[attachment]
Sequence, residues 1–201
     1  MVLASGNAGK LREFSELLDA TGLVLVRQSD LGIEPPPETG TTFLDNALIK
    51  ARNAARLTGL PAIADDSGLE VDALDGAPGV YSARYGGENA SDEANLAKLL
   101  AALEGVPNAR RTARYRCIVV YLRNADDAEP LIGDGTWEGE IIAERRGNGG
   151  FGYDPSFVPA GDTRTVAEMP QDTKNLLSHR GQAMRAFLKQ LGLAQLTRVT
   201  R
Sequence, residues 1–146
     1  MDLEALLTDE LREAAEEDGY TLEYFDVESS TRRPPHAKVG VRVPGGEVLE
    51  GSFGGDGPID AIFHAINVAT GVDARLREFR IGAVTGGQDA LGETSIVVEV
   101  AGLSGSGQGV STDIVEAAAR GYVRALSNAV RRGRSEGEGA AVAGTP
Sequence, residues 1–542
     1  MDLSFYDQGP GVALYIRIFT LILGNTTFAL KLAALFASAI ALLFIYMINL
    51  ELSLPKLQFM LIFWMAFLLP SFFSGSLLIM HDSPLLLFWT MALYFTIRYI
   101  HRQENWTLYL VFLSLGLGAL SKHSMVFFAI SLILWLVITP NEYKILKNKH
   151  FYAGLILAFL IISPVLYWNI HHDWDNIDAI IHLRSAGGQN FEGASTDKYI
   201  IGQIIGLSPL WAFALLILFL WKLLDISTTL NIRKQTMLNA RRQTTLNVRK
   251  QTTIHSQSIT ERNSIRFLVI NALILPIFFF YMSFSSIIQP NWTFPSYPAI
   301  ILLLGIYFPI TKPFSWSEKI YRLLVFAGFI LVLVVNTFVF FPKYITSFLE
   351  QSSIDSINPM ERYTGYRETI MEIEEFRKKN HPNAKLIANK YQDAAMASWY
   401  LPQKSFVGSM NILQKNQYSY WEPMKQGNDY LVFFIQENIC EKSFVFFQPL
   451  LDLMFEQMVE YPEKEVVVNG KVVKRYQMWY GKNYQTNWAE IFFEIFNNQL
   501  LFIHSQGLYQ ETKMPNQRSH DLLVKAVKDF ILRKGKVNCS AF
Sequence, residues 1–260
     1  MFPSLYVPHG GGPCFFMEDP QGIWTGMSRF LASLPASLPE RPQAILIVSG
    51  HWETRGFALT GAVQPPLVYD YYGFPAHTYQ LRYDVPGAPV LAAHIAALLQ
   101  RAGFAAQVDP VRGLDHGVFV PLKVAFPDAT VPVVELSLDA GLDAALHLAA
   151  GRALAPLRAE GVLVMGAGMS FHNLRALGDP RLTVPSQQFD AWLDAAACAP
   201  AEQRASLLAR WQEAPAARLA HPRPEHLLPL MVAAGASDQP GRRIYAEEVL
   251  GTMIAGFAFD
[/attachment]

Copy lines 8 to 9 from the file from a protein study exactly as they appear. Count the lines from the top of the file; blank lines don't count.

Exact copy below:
     1  MDLEALLTDE LREAAEEDGY TLEYFDVESS TRRPPHAKVG VRVPGGEVLE
    51  GSFGGDGPID AIFHAINVAT GVDARLREFR IGAVTGGQDA LGETSIVVEV